Winged Chariot

“But at my back I always hear Time’s winged chariot hurrying near.” Andrew Marvell, a 17th century English poet. (

I breakfasted with a friend today. Like me he is over 75. I asked if he read the obits. He said, “Yes.”

He reminded me of the late Carl Reiner’a remark about obituaries. “Every morning, I would actually look at the obituaries before I had breakfast. And as a joke I said if I was not in it, I would have breakfast.” (

So my friend and I finnished breakfast but not as eagerly as when we were 25. Though, at 25, with the horrors of Nam breathing down our necks via the Draft, Time’s winged chariot did seem awfully close.

But that fear can be cast out. About 2.4 billion of the approximately 7.5 billion people on earth are Christians. We believe that Christ conquered death dying for our sins.

No less a theologian than the world renown, Oxford scholar NT Wright has written The Resurrection of the Son of God arguing for the evidence that strongly supports the truth of the Resurrection. The world has far more documentation of the key events of Jesus’ life than anything else in the First Century.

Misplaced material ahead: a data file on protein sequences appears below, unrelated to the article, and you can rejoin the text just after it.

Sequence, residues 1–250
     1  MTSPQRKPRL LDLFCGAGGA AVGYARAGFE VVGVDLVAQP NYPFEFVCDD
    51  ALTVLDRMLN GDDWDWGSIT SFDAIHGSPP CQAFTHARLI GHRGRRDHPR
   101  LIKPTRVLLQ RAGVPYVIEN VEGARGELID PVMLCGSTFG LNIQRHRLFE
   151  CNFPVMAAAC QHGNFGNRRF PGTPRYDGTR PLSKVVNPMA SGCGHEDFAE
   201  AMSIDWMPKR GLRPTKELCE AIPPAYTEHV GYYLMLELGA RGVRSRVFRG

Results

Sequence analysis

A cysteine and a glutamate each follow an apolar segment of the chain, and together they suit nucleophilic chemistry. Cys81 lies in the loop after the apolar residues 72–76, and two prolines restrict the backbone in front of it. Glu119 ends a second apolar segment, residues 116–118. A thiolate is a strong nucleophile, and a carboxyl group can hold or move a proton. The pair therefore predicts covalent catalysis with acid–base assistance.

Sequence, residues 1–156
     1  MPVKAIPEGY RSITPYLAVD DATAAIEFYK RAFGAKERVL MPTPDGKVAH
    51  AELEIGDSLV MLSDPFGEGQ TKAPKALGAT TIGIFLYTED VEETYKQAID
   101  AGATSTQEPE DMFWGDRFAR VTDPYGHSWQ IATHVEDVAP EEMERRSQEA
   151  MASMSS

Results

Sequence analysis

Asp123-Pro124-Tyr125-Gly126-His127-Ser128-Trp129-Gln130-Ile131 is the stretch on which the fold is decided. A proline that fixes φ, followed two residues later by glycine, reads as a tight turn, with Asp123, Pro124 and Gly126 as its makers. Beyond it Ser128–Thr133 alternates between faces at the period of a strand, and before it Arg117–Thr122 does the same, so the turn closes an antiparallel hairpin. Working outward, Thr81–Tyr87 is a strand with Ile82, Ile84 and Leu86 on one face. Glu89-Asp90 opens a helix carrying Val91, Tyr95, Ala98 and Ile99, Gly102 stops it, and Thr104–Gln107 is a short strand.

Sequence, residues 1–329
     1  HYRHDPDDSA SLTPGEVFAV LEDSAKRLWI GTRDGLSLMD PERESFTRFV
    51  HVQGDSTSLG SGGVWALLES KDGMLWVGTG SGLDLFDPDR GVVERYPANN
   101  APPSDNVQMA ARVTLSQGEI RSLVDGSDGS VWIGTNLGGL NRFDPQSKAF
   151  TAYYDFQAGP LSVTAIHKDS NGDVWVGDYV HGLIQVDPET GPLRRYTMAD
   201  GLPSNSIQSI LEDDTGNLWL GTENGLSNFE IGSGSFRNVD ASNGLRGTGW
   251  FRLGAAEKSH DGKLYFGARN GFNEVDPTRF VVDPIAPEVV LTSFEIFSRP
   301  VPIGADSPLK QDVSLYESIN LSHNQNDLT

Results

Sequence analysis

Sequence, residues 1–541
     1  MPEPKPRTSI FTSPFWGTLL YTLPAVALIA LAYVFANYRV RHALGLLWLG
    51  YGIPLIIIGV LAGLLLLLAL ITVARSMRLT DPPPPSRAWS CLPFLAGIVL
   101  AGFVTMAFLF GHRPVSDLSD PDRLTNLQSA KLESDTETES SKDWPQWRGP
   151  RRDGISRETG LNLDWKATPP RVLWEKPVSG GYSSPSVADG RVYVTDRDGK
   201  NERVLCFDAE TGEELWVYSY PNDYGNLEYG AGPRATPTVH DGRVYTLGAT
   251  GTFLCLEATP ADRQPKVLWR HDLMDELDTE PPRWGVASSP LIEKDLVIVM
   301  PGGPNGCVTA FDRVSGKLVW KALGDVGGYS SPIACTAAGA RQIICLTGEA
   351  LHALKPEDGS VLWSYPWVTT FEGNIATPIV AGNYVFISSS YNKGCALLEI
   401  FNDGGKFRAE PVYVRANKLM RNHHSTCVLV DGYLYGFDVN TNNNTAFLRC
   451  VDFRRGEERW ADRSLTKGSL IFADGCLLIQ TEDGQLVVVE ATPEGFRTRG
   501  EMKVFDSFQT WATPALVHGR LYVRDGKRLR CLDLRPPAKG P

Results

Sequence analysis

As about 1/3 of the world celebrates that He is risen on Sunday, consider if you will the power of this good news. I am reminded of the composer Wallis Willis’ words, “Swing low sweet chariot, Coming for to carry me home.”

Oh Those Finite Quantities

I was at Emory University as a freshman. The year was 1963. That was 58 years ago but sometimes it seems like yesterday.

We had chemistry lab each Friday afternoon that winter quarter. Those Fridays already started with a 7:45 a.m. freeze, as, I rambled across campus to the chemistry building for lectures.

One needs to understand that details were the driving factor in precipitating my retirement almost eight years ago. In essence lab could have been called details 101.

There I was measuring quantities so small a blink could botch the experiment. Were grown adults actually making us go through this? One good sneeze could destroy my experiment as well as those of the students on either side of me. That act could have caused my death by bunsen burner at 18.

It should come as no surprise to you that I did not spend the rest of my life measuring out micro-quantities in laboratories. Nor did I sit through bad movies or attend the ice capades.